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What made you feel competent in Python?

Thursday 23 May 2013

I'm trying to come up with more project ideas for intermediate learners, somewhat along the lines of Intermediate Python Workshop Projects.

So here's a question for people who remember coming up from beginner: as you moved from exercises like those in Learn Python the Hard Way, up to your own self-guided work on small projects, what project were you working on that made you feel independent and skilled? What program first felt like your own work rather than an exercise the teacher had assigned?

I don't want anything too large, but big enough that there's room for design, and multiple approaches, etc.

If you came to Python from another programming language, then what was the project that first made you feel competent at programming in general?

Any and all ideas welcome. Thanks in advance!

Mary Ela's transitional gravestone

Saturday 18 May 2013

I was walking through Copp's Hill burying ground in Boston's North End today. The gravestones are fascinating, partly for the concrete connection to a distant past, but also for their antiquated style.

For example, many of the stones had ye in place of "the." That y isn't actually a y, it's a thorn, a letter that fell out of use in English a few hundred years ago. Thorn is prounounced th, so ye isn't "yee", it actually is "the."

After noticing how older stones had ye and newer ones had "the", we came across Mary Ela's stone:

Gravestone of Mary Ela, died 1737

It reads:

1 7 3 7/8
IN Ye 55. YEAR

The odd thing here is a single gravestone that has both THE and Ye. Why use both forms? Why in one place but not the other? Perhaps because the English sentence flowed more naturally, but the dates and age felt like a conventional form?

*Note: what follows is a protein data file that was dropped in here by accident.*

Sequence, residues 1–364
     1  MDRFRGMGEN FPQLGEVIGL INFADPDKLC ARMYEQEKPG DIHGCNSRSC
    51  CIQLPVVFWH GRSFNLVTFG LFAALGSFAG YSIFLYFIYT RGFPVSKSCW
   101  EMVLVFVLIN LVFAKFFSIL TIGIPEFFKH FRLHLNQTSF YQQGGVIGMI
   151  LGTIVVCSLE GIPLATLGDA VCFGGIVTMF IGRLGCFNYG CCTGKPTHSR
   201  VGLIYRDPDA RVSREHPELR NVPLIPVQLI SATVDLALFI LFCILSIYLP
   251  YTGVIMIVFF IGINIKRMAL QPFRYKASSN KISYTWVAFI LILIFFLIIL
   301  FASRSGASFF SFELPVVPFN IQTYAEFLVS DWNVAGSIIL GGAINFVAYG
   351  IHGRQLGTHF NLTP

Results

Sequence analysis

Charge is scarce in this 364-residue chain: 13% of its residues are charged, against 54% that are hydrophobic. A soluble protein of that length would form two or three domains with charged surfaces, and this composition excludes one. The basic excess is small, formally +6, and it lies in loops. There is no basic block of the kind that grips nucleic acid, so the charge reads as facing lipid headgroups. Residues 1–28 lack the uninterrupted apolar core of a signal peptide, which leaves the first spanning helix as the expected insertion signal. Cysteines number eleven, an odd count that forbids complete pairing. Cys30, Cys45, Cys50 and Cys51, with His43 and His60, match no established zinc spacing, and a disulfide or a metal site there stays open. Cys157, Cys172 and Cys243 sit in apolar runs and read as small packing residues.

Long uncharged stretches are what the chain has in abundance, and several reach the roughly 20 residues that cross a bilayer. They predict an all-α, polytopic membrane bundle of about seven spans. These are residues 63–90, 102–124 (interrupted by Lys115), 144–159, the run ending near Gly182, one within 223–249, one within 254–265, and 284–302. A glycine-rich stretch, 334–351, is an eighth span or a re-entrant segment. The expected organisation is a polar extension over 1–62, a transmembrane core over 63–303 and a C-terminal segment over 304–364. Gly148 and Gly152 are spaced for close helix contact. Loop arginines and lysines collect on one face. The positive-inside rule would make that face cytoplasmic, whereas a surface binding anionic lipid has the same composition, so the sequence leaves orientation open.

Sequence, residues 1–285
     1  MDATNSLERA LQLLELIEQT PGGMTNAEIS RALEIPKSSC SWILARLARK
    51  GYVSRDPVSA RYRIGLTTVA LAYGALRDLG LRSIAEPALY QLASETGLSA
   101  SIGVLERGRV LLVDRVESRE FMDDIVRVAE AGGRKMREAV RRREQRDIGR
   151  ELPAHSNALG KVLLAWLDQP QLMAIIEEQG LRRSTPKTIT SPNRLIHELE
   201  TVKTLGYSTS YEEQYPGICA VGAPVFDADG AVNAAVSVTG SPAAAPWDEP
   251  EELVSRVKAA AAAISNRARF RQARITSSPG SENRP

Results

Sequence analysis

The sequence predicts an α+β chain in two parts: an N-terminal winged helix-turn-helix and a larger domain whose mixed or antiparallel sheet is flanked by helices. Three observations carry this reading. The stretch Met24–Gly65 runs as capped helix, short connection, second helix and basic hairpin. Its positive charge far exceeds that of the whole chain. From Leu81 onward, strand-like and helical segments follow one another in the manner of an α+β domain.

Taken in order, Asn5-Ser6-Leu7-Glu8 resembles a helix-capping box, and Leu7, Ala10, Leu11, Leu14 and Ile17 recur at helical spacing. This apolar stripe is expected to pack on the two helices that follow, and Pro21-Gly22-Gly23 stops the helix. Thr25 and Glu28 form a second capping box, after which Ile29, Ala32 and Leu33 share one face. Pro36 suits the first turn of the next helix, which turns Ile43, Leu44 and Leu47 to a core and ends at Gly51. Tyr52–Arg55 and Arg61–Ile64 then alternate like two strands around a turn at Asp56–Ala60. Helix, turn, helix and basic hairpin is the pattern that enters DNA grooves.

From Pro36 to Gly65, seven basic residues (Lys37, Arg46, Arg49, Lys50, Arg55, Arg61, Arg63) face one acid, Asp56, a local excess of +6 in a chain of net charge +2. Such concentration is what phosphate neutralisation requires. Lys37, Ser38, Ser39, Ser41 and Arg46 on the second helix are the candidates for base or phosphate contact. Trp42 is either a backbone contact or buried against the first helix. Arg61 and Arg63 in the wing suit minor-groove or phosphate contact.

The other transitional note is the date: 1737/8. The 7-or-8 was not because her date of death was unknown. It's because the world didn't agree on how to number years.

Our current calendar is the Gregorian calendar, a work of some engineering and design. Before 1752, years started on the vernal equinox, around March 21st. It wasn't until 1752 that people agreed that the number of the year should be incremented on January 1st. In 1737, some people used year numbers incremented on January 1st, and some used years incremented in March. Since Mary Ela died in early March, some would have called the year 1737, but some would have called it 1738. Putting both numbers on the gravestone makes it clear when she died.

By the way: the year starting in March explains why September, October, November, and December are named as the 7th, 8th, 9th, and 10th months: if you count March as the first month, then the numbering makes perfect sense.

It's fascinating to think back to those times. We deal now with confusing timezones and character sets, but at least the English alphabet and the number of the year are simple, right? Well, back in 1737, you couldn't even count on that.

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